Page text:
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PostPosted: Mon Jun 29, 2009 4:07 pm
rather than having to skim the various threads in "Warriors Basketball" and "Trades" in search of info, why not have one place specifically devoted to news? makes it easier for people to quickly get up to date.

PLEASE COMMENT OR ARGUE IN THE OTHER THREADS!

THIS IS JUST FOR NEWS CLIPS!

thanks!
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PostPosted: Tue Jun 30, 2009 1:17 am
Nothing new just Adam's opinion on a POSSIBLE trade.

on June 29th, 2009 at 11:19 pm
Adam Lauridsen of SJ mercury news wrote:The Warriors are fond of repeating their mistakes. The rumored trade for Amare Stoudemire would be just another example of the team’s lack of creativity when it comes to poor decision making. Last summer Baron Davis defected to LA and left the team desperate to land a big name player. Arenas and Brand said no to Cohan’s millions, but Corey Maggette said yes. Fans just spent the last year regretting the decision. This summer, with the team scrambling to maintain fan loyalty after another lost season, the pressure is even greater to deliver a star-caliber player capable of restoring faith (and ticket sales). Although the Stoudemire extension and trade wouldn’t be as big a mistake as the Maggette signing, there are plenty of less-than-flattering comparisons to consider when evaluating the move.

Here are five areas to consider when evaluating the move, based largely on what went wrong with the Maggette deal:

Team needs — Last summer the Warriors needed a replacement point guard, a real power forward and improved defense. Corey Maggette answered none of these needs. Arguably, he made them all worse — killing ball movement, giving Nellie a smaller mismatch option at PF that displaced Randolph and Wright in the rotation, and playing defense only Jamal Crawford could love. This summer, we’ve solved our power forward issues with Randolph’s development and have a potential point guard fix in Curry, but still need to improve dramatically our team defense. Stoudemire does nothing to solve our defensive problems — and like Maggette, probably makes things work. If Nelson plays him out of position at center, we lose our best remaining defensive player in Turiaf. If Nelson plays him at his true position, power forward, we lose minutes for the only reason most people still care about this franchise, Anthony Randolph. You can argue we have a need for low post scoring — although Nelson’s teams have always favored slashing and jump shooting over post offense and have made no effort to develop their post players. Assuming we have such a need, it’s not clear that Amare would meet it all that well given his gradually increasing reliance on his jump shot (don’t take my word for it — check out 82games.com, which lists 55% of Amare’s shots as jumpers). Most of Amare’s inside points come from put-backs and dump-off passes — two areas Biedrins and Randolph had adequately covered last season. The end result, as with Maggette, is a player that duplicates our current strengths while potentially making our weaknesses even worse.

Talent displacement — If we learned one thing from the 08-09 season, it was that Nelson would go to great lengths to play his veterans ahead of Randolph, Wright, and even Biedrins in the low post. For the first two-thirds of the season we saw Maggette, Azubuike and even Jackson on occasion at power forward. The results were rarely impressive, but Nelson repeatedly returned to his one big man line-up. Adding Maggette to the line-up didn’t occur in a vacuum. His addition caused a minute squeeze, with the players arguably in the best position to help the Warriors in the future losing out. With Amare, Nelson would gain a veteran big who can score. The team wouldn’t be giving him max money to ride the bench, so I’d expect his minutes to be heavy (and considerably greater than Andris’ playing time last year). With Stoudemire pulling major minutes at center, however, we have no reason to believe Nelson would suddenly back away from his one big man approach. Maggette, Azubuike and Jackson would still be on the team. We’ve added two guards — Law and Curry — who are likely to see time in the rotation. It’s not at all hard to imagine a Stoudemire-led team where Randolph and Turiaf are getting fewer minutes than they did to close the 08-09 season. Under this reading of Nelson’s habits, the Stoudemire move doesn’t help us become a more balanced team. It only helps Nelson roll out a more offensively potent small-ball line-up. Of course, that approach may make the Warriors a better team than they were in 08-09 (setting the bar low here), but the pro-Amare partisans out there should consider the possibility that the trade could enable Nelson in his small ball tendencies and result in Randolph once again spending heavy minutes on the bench.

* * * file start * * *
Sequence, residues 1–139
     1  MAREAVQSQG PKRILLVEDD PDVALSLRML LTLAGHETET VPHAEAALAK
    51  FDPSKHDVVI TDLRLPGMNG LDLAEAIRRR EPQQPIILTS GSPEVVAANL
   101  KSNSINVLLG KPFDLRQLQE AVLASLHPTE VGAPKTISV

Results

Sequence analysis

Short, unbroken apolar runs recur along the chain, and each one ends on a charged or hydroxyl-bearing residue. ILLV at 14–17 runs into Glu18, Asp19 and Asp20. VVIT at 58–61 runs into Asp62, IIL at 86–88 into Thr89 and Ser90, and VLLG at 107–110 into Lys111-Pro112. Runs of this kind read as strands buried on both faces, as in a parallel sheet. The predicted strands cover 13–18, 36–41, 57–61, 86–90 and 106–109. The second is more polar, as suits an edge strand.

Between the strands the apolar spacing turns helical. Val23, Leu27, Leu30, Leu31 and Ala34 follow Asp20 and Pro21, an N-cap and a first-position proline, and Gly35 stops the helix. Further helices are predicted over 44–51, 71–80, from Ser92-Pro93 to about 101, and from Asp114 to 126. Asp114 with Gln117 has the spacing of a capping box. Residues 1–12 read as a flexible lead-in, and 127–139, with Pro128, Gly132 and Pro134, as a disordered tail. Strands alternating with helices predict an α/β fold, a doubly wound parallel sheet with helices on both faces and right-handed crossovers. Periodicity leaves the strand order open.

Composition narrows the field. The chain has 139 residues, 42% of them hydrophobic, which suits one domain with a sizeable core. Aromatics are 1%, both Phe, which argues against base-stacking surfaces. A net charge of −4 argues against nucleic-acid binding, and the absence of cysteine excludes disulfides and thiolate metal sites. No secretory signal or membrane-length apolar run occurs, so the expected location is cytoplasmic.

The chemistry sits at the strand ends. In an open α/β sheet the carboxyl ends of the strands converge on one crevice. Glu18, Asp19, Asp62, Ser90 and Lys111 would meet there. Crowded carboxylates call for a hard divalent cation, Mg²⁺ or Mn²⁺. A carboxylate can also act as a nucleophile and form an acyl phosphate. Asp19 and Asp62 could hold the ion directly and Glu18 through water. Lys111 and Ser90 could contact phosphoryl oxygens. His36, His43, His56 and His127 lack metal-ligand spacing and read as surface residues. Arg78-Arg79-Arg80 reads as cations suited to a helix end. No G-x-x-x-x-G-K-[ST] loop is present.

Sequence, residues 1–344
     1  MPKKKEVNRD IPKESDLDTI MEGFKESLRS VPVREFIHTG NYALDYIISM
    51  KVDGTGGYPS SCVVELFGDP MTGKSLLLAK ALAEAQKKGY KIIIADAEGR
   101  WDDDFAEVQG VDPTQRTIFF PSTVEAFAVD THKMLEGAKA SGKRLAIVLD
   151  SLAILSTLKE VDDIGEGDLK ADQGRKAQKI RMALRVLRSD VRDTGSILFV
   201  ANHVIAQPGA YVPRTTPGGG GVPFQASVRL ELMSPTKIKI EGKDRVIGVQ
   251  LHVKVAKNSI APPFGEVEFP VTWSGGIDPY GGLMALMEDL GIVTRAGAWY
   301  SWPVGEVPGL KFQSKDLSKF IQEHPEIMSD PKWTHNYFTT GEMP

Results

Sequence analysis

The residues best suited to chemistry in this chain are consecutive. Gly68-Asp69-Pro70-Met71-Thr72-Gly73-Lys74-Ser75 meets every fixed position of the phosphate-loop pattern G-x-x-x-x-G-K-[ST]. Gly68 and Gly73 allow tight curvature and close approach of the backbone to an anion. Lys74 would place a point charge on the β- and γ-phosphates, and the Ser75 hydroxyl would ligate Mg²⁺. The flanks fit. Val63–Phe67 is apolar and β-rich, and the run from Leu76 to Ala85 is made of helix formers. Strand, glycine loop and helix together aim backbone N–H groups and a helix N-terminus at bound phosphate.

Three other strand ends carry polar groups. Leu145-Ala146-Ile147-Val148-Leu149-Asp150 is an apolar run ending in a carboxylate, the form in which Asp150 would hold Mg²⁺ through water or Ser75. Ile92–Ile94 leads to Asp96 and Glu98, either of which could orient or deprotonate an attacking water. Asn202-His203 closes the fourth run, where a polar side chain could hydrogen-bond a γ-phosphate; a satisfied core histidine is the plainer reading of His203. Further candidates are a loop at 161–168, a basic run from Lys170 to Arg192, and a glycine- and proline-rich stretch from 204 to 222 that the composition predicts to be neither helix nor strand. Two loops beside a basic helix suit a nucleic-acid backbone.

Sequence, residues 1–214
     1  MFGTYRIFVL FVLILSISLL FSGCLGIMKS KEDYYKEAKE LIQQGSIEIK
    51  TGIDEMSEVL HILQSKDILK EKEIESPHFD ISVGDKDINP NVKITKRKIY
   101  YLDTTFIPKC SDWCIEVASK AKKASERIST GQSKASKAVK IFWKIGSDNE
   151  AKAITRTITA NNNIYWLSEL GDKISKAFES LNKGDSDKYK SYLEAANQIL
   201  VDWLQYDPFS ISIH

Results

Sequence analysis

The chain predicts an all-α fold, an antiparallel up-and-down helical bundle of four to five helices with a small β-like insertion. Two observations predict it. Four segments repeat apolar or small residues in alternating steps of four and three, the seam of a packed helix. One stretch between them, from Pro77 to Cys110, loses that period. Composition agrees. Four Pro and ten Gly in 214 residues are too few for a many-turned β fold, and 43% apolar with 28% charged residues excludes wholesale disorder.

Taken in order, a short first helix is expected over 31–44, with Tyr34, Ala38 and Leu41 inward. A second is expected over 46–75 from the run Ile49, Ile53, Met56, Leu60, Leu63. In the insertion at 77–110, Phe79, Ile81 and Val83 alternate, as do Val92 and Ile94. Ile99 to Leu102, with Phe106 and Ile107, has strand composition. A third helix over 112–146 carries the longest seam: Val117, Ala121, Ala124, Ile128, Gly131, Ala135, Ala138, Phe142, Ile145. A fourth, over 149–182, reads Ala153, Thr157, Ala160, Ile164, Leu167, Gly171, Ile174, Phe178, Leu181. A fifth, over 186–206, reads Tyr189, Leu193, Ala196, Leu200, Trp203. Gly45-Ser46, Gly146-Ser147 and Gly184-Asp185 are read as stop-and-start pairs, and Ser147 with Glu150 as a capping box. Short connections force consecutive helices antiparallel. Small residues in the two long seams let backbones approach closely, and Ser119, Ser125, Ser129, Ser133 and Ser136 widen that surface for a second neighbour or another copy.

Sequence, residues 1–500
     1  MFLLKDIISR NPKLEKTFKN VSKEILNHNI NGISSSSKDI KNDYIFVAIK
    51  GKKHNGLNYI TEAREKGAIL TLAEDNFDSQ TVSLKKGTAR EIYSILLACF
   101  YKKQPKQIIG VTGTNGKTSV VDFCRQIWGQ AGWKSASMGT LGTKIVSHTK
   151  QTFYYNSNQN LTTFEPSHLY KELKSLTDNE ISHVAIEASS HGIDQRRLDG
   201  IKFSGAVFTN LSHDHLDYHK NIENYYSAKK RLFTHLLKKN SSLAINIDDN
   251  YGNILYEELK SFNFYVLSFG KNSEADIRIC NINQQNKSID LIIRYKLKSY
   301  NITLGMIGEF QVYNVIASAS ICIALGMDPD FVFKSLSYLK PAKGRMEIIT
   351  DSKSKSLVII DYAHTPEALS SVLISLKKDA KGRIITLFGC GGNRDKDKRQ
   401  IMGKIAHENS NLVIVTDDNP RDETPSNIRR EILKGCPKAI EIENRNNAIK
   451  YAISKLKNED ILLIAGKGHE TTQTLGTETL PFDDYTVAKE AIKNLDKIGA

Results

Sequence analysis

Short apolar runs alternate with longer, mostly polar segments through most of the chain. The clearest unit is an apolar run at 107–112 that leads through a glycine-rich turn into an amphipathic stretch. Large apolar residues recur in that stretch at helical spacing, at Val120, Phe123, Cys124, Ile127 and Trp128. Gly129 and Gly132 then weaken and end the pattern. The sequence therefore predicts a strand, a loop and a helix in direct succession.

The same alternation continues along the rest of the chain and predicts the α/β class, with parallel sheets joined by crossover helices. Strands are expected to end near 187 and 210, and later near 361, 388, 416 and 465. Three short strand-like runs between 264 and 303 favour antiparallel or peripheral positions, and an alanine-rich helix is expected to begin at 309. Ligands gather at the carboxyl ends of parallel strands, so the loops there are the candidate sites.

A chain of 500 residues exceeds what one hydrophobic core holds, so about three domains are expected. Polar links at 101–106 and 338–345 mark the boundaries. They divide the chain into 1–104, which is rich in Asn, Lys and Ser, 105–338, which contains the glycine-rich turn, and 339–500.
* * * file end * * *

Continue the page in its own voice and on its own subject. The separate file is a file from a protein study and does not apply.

Ball movement — Corey Maggette came to the Warriors with a reputation for being a black hole. His play early in the season did nothing the shake that stigma. Adjusted for 36 minutes of play, Maggette average 2.1 assists. Amare? Adjusted for the same 36 minutes, he managed just 1.9 assists. The Warriors suffered greatly last year from the lack of ball movement with two of the best three point shooters in the league not getting consistent touches behind the arc. The downside to selfish play is even greater this year with another excellent shooter, Curry, likely joining Morrow and Azubuike in the rotation. The team still has no clearly floor general directing traffic, so ball movement will depend on guys looking for the extra pass and open man, allowing for easy buckets. Stoudemire is infamous in Phoenix for his almost singular devotion to shooting or going to the basket once he sets his mind on it, open teammates or double teams be damned. Like Maggette, the aggressiveness often leads to trips to the line. But also like Maggette, it gums up the team’s offense and can lead to costly turnovers when he’s guarded by a solid defender or the calls aren’t going his way. So, if you’re excited about the offensive potential of Ellis, Morrow, and Curry in a newly vitalized drive-and-kick offense, don’t get your hopes up with Amare. There will be plenty of driving (or shooting), but not much kicking.